You’ve been working on a new release for a while, the team is excited about the new features being added, and the release day comes. The marketing team has been pumping out information to current users and new prospects, and then…
…the negative feedback comes rolling in.
Prospects that were on the verge of buying based on what was coming, are now a bit cold on the product.
Why would this happen? You know your product, your team knows the product and people have been asking for these new features. So it’s back to the drawing board, collecting all the negative feedback and combing through it for suggestions.
And, if you’ve been there, you were probably wondering what happened.
Knowing your product is great. Knowing your users is greater. This holds true for both external users (customers) or internal users (colleagues). And the latter is just as important! As I mentioned in another post, your internal user experience will be reflected in your external user experience. Every time.
You have the best chance of delivering what users want if you do user research before making final product decisions. Clickable prototypes or other types of visual walkthroughs are helpful. Feedback from those provides valuable feedback before it arrives in complaint emails.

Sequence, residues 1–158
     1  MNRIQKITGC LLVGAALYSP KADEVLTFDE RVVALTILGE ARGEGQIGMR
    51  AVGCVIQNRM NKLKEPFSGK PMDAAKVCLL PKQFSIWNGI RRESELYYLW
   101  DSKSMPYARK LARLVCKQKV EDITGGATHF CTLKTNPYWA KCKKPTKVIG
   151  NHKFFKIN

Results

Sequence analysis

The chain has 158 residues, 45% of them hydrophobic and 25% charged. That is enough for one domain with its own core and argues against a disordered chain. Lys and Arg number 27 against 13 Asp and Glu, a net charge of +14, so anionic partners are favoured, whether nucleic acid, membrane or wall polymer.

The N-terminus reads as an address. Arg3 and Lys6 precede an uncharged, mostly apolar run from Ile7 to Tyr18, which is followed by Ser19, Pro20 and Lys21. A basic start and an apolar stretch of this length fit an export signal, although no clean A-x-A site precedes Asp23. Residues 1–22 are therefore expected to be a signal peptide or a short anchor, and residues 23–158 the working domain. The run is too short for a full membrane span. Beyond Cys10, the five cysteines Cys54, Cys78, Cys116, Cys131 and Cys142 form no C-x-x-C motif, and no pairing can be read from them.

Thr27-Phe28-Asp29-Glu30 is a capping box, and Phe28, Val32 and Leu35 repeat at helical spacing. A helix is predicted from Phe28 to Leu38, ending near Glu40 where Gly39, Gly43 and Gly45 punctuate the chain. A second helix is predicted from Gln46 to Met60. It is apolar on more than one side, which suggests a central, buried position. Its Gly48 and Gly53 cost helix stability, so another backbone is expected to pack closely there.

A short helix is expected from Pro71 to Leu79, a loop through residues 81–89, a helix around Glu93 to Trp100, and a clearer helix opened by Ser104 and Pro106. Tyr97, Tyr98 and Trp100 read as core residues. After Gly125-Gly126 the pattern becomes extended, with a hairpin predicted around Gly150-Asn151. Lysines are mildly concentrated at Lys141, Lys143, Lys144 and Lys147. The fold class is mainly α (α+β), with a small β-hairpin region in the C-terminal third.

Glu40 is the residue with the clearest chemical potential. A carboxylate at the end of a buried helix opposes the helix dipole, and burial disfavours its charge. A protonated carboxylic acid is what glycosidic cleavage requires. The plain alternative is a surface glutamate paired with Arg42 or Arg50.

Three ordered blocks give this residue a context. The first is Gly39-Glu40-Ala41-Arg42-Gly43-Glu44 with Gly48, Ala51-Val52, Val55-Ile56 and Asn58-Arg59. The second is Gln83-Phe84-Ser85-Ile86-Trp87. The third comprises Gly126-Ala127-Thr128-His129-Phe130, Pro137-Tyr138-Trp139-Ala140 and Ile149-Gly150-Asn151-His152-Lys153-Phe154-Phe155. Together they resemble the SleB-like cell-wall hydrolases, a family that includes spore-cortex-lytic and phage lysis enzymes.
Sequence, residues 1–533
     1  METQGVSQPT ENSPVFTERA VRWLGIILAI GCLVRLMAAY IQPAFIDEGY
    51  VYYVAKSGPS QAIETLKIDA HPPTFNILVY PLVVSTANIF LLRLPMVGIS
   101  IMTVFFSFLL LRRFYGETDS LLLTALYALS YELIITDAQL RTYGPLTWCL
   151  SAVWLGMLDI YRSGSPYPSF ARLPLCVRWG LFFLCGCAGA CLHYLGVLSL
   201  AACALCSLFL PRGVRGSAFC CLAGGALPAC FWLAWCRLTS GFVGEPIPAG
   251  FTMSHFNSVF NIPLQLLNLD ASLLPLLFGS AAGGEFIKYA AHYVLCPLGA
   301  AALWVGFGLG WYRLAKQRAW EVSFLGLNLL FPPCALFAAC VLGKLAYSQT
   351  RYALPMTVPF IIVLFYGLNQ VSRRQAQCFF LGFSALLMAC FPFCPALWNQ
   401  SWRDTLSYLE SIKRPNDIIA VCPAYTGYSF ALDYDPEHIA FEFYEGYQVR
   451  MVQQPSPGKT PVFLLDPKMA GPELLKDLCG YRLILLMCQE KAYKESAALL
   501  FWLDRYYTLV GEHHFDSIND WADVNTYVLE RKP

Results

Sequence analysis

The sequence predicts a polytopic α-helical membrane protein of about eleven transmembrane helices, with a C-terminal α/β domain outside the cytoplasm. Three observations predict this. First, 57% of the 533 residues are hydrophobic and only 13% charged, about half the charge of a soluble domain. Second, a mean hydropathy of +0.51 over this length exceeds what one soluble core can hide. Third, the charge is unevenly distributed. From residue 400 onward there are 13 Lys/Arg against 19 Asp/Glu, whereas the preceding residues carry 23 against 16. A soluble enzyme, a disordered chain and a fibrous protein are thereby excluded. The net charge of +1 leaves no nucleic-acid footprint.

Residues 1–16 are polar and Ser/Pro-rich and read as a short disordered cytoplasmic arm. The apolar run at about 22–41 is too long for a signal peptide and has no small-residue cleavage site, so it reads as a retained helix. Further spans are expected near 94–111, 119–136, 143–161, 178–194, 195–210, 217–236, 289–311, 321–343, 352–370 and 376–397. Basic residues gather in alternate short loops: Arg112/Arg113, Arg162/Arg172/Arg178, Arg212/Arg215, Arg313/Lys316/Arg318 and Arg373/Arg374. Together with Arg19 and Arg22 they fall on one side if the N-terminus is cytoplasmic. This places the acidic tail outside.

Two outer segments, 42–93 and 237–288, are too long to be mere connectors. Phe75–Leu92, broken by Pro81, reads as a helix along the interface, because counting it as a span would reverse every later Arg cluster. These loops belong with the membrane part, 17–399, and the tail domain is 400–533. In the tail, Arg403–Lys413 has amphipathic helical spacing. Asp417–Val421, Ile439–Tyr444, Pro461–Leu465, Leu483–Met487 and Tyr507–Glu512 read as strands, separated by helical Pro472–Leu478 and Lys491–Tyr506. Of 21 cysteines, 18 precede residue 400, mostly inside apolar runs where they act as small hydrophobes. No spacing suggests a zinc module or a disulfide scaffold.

User research isn’t without its challenges, though. Here are a few I’ve run into:
- How much is enough? I’ll admit un-scoped user research is frustrating. Make sure to find the right balance before diving into a ridiculously long effort.
- Does the user know what they want? In most cases, yes. In some, especially with brand new concepts, they may not. This is another reason to make sure you scope research efforts. Otherwise, you may find yourself in the proverbial rabbit hole.
- Unfamiliarity with User Research Process. I’ve been lucky enough to work with world-class user experience teams since the late 1990s. Like most techies, they frustrated me to no end at first. Once I understood the impact it had on the success of software development efforts, I was their biggest fan. Still am.
So before running down the new product or new feature road, please involve your user experience team and scope user research efforts. Instead of planning for a rewrite, you’ll have a product that better servers your customers.
What have been your experiences with User Research? Let me know in the comments below or connect with me on LinkedIn! You can also sign up below for my monthly newsletter to get a summary of new posts and other newsworthy items.